Review: The Silent Cry by Kenzaburō Ōe

the silent cry The Silent Cry [1967/88] – ★★★★★

Full of uneasiness and foreboding, The Silent Cy is a subtly powerful work that masterfully evokes the unsaid, the forbidden and the terrifying, getting us close to the real Truth and to the final Hope.

In The Silent Cry, we are presented with the early 1960s and Mitsu, a disillusioned husband to an alcoholic wife and a father to a child who is now in an institution. Mitsu sees his life changing when his estranged brother Takashi arrives from America and together they travel to their native village in Shikoku, one of the main islands in Japan. There, they find that there is a shift in local power and one rich Korean magnate is proposing to buy what remains of Mitsu and Takashi’s land inheritance – their storehouse. Reluctantly, Mitsu finds himself drawn into a complicated political situation of the village, while also realising that Takashi starts to wield the unprecedented power over the village inhabitants. The Silent Cry is a slow-paced descent into one kind of a nightmare where the violent history of the village is about to be re-enacted and other grim discoveries made as the relationship between the two brothers takes an unexpected turn.

There is a curious narration coming from a pitiful, nearly blind husband Mitsu, whose wife Natsumi is suffering from alcoholism. Mitsu is a person stuck in his existential crisis and afraid to face reality. “Awakening in a predawn darkness, I grope among the anguished remnants of dreams that linger in my consciousness, in search of some ardent sense of expectation”, starts the book...“I’ve been sleeping with arms and legs askew, in the posture of a man reluctant to be reminded either of his nature or of the situation in which he finds himself” [Ōe/Bester, 1967/88: 1]. Recently, Mitsu and Natsumi put their only disabled child in an institution and are still in shock because of the recent death of Mitsu’s close friend who died after he painted his head red and hanged himself. When Mitsu’s brother Takashi arrives from America, the mood of Mitsu and Natsumi is momentarily lifted, and we witness a strange internal competition and tension between the brothers. The trio, together with Takashi’s “teenage bodyguards”, then travel to the home village of the brothers, populated by some eccentric characters. There, there is “a delicate balance of power between people and authorities” [Ōe/Bester, 1967/88: 263], and one rich businessman from Korea plans to buy the land of Takashi and Mitsu’s ancestors. Inspired by the history of the village, Takashi tries to rebel, gathering his followers around him. In turn, his brother Mitsu feigns indifference until he can no longer ignore the affairs of the village or his brother’s wild actions which are increasingly directed specifically at him.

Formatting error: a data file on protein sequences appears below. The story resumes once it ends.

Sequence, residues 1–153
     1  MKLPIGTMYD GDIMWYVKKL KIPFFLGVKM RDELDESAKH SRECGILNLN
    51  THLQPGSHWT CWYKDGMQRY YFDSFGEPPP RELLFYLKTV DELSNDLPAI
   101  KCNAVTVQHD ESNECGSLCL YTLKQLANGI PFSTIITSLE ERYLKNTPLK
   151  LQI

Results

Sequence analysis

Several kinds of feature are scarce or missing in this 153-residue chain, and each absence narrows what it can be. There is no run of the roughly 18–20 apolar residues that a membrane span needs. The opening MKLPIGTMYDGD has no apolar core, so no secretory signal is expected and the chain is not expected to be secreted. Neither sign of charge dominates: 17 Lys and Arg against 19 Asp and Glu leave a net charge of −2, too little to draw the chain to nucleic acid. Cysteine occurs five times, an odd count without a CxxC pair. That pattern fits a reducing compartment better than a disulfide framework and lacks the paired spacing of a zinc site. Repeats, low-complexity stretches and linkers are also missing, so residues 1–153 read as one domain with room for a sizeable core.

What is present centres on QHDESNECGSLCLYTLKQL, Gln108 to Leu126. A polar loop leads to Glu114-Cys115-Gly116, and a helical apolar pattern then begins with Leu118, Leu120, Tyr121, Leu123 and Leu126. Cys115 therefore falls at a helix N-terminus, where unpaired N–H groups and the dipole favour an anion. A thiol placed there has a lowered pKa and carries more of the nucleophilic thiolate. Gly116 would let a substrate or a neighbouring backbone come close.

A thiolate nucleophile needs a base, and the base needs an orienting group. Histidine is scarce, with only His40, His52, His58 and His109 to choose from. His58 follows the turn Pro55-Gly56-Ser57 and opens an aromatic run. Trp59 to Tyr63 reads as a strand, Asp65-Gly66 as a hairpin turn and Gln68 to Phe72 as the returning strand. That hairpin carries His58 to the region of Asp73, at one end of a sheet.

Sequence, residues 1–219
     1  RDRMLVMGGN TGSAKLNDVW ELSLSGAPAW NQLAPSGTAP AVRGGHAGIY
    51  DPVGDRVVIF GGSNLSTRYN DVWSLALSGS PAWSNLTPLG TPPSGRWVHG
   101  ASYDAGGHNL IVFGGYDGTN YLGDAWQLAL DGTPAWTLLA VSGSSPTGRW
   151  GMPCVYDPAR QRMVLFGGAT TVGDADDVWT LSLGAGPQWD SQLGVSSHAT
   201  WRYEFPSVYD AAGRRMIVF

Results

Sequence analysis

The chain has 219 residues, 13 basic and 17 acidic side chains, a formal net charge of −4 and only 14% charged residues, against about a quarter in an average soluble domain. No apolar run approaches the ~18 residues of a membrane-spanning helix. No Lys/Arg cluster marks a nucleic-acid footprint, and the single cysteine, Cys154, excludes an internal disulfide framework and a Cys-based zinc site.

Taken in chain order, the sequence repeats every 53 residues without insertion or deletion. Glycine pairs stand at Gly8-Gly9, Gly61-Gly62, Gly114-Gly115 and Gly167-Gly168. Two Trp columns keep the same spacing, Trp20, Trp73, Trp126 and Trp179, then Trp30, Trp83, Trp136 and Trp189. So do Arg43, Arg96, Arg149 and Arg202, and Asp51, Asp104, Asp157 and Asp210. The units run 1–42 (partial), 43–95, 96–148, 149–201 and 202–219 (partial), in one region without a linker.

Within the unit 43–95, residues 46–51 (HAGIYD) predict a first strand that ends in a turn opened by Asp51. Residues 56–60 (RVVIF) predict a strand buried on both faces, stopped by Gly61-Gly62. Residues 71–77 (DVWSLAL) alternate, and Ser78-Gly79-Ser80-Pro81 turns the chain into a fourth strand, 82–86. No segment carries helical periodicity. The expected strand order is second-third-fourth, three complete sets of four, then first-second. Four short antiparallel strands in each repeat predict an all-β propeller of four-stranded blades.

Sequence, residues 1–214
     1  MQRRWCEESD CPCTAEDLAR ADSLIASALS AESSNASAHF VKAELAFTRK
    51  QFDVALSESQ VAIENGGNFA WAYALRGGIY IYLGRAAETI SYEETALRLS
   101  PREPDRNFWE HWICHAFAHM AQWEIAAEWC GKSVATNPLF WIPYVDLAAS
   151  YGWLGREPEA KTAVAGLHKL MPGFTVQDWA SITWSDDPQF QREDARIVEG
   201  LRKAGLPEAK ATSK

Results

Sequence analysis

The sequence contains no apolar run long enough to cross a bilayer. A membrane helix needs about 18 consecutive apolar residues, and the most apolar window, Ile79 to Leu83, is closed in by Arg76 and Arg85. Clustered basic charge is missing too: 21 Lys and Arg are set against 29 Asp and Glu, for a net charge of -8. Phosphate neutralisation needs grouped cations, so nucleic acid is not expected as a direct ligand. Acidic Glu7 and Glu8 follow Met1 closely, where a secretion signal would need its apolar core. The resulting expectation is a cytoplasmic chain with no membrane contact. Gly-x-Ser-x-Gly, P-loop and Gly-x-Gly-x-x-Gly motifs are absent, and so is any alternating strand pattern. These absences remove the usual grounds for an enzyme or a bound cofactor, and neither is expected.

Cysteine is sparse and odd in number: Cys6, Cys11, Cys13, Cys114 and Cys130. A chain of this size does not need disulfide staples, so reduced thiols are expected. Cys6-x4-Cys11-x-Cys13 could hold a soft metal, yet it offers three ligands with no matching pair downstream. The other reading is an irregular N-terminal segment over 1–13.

Perhaps one way to understand The Silent Cry would be to draw connections between – (i) one person (Mitsu) – (ii) a family unit (Mitsu’s family) – (iii) a village (the one in Shikoku) and – (iv) a nation (Japan). The history, experience, feelings and thoughts of each of those entities/units are reflected in all the rest. The brothers in the story appear opposites of each other: one – a passive, unpopular introvert, another – a dominant, popular extrovert; one – beautiful and another – ugly; one – repressed and wants to forget his family/village past, and another wants to face and “re-enact it”, while marching forward; one wants to deny his state of being human, and another wants to embrace his “creatureness”. So, these brothers and their polar opposite characteristics also represent two sides of Japan after the war. One side of Japan or a village in Shikoku is forward-looking and craves change, while another part wants to stick to tradition and inaction.

The story becomes one where different people are trying to employ different means to come to terms and accept one’s past or seek justification for their previous actions (Japan tries to come to terms with its participation in the WWII; the village tries to acknowledge its past silent acceptance of brutal feudal regimes and violent revolts, and one family (that of Mitsu) tries to understand the deaths of its family members). People in the village are portrayed as so used to pain, that they are no longer realising or recognising this experience -“they fuss for ages over trivialities, with the irresponsible notion that when things finally get quite out of hand the situation will somehow change and solve their difficulties for them” [Ōe/Bester, 1967/88: 69]. In turn, Mitsu is trying to deal with his guilt and shame associated with his disabled son (and also with his brother). Alcohol, sex, sport, active re-enactments of past events, solitude and withdrawal – many means are employed to understand and come to terms with what was going on and still ongoing in the lives of the characters.